9.     Jon Jay in CF and hitting ninth (second leadoff). Jay hasn’t exactly been consistent at the plate lately. He’s shown signs of life here and there, but he’s been a far cry from the consistent .300+ hitter he was early in the season. So let’s take some of the pressure off him. Move him down in the order and let him try to get on base in subsequent innings for hitters like Berkman and Carpenter. But mainly…just move him down for a while.

I know, I know…it seems nutty – hitting Berkman leadoff, taking Furcal, Holliday, and Beltran all out of the lineup for a couple days, and hitting the pitcher 8th – but really, nothing else is working anyway. What do we have to lose? But primarily, this team needs something different. They need some movement and something to shake them up a bit. Otherwise, that clubhouse is going to continue to feel stagnant and sink deeper into despair. And it won’t exactly hurt us to let our 3 best lineup pieces rest and heal against the Cubs for a few days before plugging them in for a stretch run.


Okay…that’s going to do it for this week. On a few side notes, it sure would be nice if Chris Carpenter was able to get past his uncomfortable position of leading when he’s not pitching on the field. I get where he’s coming from, but without Pujols, TLR, or Carp, this team is missing a hard-nosed, granite-like edge it used to have. They need it back. I think Carp has earned enough street-cred to be able to address this team even when he’s not able to pitch.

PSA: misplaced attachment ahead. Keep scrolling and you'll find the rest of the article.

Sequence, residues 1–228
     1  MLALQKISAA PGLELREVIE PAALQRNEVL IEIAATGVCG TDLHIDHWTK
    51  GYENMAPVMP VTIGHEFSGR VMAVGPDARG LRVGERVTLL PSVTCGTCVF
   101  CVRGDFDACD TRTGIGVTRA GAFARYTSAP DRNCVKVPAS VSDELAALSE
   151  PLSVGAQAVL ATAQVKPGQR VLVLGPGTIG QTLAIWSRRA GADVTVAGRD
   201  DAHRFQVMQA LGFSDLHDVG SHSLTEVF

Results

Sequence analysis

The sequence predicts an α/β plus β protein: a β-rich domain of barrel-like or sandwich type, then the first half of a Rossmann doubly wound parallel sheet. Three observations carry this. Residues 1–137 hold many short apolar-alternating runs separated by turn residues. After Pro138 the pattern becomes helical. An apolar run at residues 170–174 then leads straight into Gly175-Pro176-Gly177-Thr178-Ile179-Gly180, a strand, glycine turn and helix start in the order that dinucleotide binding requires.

Oh, and the Pirates and Reds? Think of it this way…if the Reds are able to manage without Votto in the lineup, getting him back next month is only going to further bolster and encourage them. And let’s not pretend the Pirates are the same team they were last season. This is a team that believes in itself and has the energy and drive to push this division well into September. If the Cardinals don’t get their collective butts in gear, THEY will be the team that won’t be relevant in September.

Andone more note…Casey Rasmus sure seems better positioned than his brother to deal with difficulty (more open to fans, into social media, etc.), but I wonder if he feels a drag on his career because of his name and the drama that came before him between his father and the organization?